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Mark Zuckerberg summoned to ‘international grand committee’ on ‘fake news’

Mark Zuckerberg summoned to ‘international grand committee’ on ‘fake news’

By Alastair Reid, Press Association

British and Canadian politicians have joined forces in calling on Facebook founder Mark Zuckerberg to explain “failures of process” regarding the spread of propaganda on the social network.

Leading MPs from both parliaments co-signed a letter to Mr Zuckerberg announcing an “international grand committee” on “disinformation and fake news” to be held at the end of November.

Parliamentarians from other countries have been invited to attend the “unprecedented joint hearing” and Mr Zuckerberg has been given until Wednesday November 7 to respond.

“Over the past year, our committees have both sought evidence from a Facebook executive with sufficient authority to give an accurate account of recent failures of process, including the recent Cambridge Analytica scandal and subsequent data breaches.

“You have chosen instead to send less senior representatives, and have not yourself appeared, despite having taken up invitations from the US Congress and Senate, and the European Parliament,” wrote Damian Collins, chair of the digital, culture, media and sport (DCMS) select committee, and Bob Zimmer, chair of the Canadian parliament’s committee on access to information, privacy and ethics.

It is the third time Mr Collins has called on Mr Zuckerberg to give evidence before the DCMS committee’s inquiry into disinformation and “fake news”.

Facebook has grappled with a string of scandals in recent years as evidence has emerged of political actors using the network to influence voters around the world.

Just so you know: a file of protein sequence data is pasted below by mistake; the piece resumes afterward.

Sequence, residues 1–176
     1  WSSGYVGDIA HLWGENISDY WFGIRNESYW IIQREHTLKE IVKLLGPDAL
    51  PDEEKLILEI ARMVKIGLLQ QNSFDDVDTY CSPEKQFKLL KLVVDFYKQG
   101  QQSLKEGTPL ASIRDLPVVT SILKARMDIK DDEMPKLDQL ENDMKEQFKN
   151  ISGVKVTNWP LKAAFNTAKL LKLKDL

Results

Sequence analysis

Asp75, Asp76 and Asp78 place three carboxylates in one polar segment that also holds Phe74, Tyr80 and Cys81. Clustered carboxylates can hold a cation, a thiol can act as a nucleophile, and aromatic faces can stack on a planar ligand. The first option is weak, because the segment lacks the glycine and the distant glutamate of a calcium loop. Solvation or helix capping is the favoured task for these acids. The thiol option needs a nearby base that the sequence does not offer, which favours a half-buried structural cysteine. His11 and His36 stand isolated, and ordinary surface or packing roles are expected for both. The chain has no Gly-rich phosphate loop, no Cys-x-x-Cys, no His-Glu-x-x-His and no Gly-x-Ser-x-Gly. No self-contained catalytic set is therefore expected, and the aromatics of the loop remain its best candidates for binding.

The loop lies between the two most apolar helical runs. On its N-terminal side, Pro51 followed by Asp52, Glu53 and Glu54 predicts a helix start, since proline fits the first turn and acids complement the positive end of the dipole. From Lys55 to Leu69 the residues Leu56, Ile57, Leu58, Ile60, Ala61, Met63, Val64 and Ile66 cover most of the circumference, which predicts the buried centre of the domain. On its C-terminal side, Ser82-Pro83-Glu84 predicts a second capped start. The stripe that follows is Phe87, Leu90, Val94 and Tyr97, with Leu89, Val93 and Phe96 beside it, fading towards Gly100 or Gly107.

The social media giant was fined £500,000 by the Information Commissioner’s Office in July, the maximum fine possible, for failing to protect millions of users’ personal information which ended up in the hands of controversial election consultants Cambridge Analytica.

A week later the Electoral Commission fined Brexit campaign groups Vote Leave and BeLeave, and referred them to the police for breaches in campaign spending centred around political advertising on Facebook.

This year, the company also released details of “inauthentic co-ordinated activity” on the platform originating from Russia and Iran which targeted British and American politics.

Mr Zuckerberg has repeatedly pledged to “fix Facebook” in public announcements since criticism of political operations on the network began in 2016.

“We call on you to take up this historic opportunity to tell parliamentarians from both sides of the Atlantic and beyond about the measures Facebook is taking to halt the spread of disinformation on your platform, and to protect user data,” added Mr Collins and Mr Zimmer.

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